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Russian hacking group 'targeting US Senate'

The Russian government-aligned hackers who penetrated the Democratic Party in the US have spent the past few months laying the groundwork for an espionage campaign against the Senate, a cybersecurity firm has said.

The revelation suggests the group, often nicknamed Fancy Bear, whose hacking campaign scrambled the 2016 US electoral contest, is trying to gather the emails of America's political elite.

"They're still very active - in making preparations at least - to influence public opinion again," said Feike Hacquebord, a security researcher at Trend Micro, which published the report.

"They are looking for information they might leak later."

The Senate Sergeant at Arms office, which is responsible for the upper house's security, declined to comment.

Mr Hacquebord said he based his report on the discovery of a clutch of suspicious-looking websites dressed up to look like the Senate's internal email system.

He then cross-referenced digital fingerprints associated with those sites to ones used almost exclusively by Fancy Bear, which his Tokyo-based firm dubs "Pawn Storm".

Trend Micro previously drew international attention when it used the technique to uncover decoy websites apparently set up to harvest emails from Emmanuel Macron's French presidential campaign last April.

The discovery was followed two months later by a still-unexplained publication of private emails from several Macron staffers in the final days of the race.

Mr Hacquebord said the rogue Senate sites - set up in June and September 2017 - matched their French counterparts.

"That is exactly the way they attacked the Macron campaign in France," he said.

Attribution is extremely tricky in the world of cybersecurity, where hackers routinely use misdirection and red herrings to fool their adversaries, but Tend Micro, which has followed Fancy Bear for years, said there could be no doubt.

"We are 100% sure that it can be attributed to the Pawn Storm group," said Rik Ferguson, one of Mr Hacquebord's colleagues.

Like many cybersecurity companies, Trend Micro refuses to speculate publicly on who is behind such groups, referring to Pawn Storm only as having "Russia-related interests".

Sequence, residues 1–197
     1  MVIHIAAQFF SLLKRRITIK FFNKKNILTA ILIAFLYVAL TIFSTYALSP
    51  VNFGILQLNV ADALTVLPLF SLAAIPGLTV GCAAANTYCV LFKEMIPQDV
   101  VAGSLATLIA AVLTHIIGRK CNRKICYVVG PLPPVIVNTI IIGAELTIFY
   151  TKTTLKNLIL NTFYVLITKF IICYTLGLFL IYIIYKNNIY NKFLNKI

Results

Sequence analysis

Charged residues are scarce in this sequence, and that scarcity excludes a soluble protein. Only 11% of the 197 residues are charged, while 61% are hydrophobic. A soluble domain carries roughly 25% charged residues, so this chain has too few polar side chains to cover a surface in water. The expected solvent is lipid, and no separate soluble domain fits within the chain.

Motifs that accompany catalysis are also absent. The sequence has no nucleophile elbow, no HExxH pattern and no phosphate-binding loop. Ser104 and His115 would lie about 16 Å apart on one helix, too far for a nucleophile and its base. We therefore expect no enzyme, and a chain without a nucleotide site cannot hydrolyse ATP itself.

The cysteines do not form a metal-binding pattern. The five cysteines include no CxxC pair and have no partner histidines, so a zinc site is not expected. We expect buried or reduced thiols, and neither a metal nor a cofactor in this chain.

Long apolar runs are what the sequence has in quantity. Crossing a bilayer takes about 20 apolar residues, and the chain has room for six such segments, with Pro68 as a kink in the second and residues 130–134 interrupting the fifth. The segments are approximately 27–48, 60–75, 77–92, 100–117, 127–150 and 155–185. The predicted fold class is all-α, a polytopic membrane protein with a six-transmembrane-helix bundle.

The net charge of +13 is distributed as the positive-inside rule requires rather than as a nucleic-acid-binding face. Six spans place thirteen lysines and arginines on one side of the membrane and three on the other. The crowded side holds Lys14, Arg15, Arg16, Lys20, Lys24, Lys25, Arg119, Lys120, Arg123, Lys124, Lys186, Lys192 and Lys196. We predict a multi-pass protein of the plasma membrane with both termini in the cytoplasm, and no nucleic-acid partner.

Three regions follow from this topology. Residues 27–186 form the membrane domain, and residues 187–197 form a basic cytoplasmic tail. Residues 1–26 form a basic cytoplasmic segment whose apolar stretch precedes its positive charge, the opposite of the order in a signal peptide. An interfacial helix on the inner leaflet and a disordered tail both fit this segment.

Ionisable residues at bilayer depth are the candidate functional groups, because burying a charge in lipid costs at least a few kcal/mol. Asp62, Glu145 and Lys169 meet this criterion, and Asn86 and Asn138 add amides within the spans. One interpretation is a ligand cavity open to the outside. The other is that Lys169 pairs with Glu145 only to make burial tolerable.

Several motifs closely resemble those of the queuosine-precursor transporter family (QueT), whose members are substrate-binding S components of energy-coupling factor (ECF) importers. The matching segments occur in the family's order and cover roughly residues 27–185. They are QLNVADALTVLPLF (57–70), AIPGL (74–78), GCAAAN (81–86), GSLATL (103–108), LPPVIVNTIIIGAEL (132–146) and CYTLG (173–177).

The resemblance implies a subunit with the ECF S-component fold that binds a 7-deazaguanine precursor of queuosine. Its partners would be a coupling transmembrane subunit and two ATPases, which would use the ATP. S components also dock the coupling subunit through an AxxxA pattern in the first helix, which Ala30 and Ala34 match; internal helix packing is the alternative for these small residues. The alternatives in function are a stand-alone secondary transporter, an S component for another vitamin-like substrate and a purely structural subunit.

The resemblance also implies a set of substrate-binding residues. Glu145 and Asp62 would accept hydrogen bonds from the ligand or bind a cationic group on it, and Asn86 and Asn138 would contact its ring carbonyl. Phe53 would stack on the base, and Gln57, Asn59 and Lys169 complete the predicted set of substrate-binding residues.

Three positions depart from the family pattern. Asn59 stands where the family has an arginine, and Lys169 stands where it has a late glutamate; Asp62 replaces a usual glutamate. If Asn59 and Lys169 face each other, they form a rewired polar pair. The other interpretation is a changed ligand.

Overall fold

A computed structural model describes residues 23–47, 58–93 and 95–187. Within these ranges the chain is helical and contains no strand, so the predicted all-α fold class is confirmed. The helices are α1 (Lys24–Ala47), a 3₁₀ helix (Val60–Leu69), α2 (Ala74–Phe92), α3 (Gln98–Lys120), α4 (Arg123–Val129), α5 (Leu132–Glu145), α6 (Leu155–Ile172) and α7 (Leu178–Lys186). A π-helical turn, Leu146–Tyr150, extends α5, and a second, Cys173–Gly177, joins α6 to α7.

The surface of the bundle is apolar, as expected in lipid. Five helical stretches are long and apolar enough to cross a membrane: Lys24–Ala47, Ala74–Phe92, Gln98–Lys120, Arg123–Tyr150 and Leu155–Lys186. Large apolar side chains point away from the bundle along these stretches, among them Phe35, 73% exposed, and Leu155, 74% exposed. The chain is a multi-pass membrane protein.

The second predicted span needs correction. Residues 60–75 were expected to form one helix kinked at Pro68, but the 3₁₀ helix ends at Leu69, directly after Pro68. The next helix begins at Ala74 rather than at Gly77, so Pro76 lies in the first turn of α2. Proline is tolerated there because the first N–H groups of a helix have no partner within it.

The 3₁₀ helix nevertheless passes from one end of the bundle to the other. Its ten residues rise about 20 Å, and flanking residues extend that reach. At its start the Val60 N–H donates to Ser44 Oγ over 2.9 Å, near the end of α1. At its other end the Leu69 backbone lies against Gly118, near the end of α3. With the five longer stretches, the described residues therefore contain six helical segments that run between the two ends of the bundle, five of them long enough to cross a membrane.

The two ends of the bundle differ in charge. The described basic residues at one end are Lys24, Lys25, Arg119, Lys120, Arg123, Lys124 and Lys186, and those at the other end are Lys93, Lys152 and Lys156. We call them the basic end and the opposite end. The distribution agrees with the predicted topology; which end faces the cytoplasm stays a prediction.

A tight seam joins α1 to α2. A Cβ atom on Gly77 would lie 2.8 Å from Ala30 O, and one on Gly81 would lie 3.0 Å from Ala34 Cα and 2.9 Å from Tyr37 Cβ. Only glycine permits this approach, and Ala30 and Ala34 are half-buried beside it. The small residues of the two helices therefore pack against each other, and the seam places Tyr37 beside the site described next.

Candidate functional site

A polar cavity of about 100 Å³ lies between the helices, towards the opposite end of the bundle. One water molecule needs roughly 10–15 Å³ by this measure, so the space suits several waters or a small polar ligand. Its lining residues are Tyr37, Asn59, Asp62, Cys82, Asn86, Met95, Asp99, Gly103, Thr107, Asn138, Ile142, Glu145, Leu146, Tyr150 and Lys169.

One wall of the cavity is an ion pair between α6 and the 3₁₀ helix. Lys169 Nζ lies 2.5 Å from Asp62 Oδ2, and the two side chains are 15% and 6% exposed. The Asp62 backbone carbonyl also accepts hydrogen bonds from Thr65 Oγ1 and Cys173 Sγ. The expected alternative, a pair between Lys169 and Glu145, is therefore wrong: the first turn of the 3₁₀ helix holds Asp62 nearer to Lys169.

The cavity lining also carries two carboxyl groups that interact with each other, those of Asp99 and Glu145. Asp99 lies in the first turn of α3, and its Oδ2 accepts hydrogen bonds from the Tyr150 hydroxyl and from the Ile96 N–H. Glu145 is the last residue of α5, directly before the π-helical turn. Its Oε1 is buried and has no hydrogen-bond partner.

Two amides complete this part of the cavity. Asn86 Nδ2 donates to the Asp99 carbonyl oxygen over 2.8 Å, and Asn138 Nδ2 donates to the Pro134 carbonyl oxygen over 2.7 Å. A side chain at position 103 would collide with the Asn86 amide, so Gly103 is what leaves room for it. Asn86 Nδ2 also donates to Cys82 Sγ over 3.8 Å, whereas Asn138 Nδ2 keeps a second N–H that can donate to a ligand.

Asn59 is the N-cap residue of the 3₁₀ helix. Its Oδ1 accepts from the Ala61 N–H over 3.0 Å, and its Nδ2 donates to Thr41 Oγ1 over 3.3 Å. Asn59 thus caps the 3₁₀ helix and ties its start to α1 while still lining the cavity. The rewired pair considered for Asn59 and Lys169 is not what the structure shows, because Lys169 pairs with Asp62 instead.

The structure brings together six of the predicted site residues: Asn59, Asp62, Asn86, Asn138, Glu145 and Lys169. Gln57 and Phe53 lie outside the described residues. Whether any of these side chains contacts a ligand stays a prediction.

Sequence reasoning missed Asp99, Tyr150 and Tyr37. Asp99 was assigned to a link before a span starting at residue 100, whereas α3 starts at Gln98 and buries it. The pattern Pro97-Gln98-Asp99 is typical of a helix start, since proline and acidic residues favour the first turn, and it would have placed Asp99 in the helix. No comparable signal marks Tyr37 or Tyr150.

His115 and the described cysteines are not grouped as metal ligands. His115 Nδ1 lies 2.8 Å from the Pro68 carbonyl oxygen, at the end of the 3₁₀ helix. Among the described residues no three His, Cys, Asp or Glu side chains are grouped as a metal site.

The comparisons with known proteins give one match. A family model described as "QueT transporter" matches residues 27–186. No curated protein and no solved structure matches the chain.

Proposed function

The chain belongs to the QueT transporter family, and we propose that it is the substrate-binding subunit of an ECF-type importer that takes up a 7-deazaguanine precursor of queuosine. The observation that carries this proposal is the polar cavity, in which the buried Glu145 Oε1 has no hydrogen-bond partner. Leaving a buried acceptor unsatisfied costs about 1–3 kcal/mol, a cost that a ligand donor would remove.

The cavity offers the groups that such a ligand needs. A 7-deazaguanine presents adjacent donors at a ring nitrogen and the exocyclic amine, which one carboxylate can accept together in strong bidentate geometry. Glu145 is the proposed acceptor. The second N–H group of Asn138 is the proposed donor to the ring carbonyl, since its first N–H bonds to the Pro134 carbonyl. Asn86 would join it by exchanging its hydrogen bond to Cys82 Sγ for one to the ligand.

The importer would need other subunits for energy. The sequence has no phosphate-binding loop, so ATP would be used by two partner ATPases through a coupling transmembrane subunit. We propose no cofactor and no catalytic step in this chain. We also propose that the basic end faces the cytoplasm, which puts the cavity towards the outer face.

But the US intelligence community alleges that Moscow's military intelligence service pulls the hackers' strings and a months-long Associated Press investigation into the group, drawing on a vast database of targets supplied by the cybersecurity firm Secureworks, has determined that the group is closely attuned to the Kremlin's objectives.

If Fancy Bear has targeted the Senate over the past few months, it would not be the first time. An AP analysis of Secureworks' list shows that several staff there were targeted between 2015 and 2016.

Among them were Robert Zarate, now the national security adviser to Florida senator Marco Rubio; Josh Holmes, a former chief of staff to Senate majority leader Mitch McConnell who now runs a Washington consultancy; and Jason Thielman, the chief of staff to Montana senator Steve Daines.

A Congressional researcher specialising in national security issues was also targeted.

Fancy Bear's interests are not limited to US politics; the group also appears to have the Olympics in mind.

Trend Micro's report said the group had set up infrastructure aimed at collecting emails from a series of Olympic winter sports federations, including the International Ski Federation, the International Ice Hockey Federation, the International Bobsleigh & Skeleton Federation, the International Luge Federation and the International Biathlon Union.

The targeting of Olympic groups comes as relations between Russia and the International Olympic Committee are particularly fraught.

Russian athletes are being forced to compete under a neutral flag in the upcoming Pyeongchang Olympics following an extraordinary doping scandal that has seen 43 athletes and several Russian officials banned for life.

Amid speculation that Russia could retaliate by orchestrating the leak of prominent Olympic officials' emails, cybersecurity firms including McAfee and ThreatConnect have picked up on signs that state-backed hackers are making moves against winter sports staff and anti-doping officials.

AP

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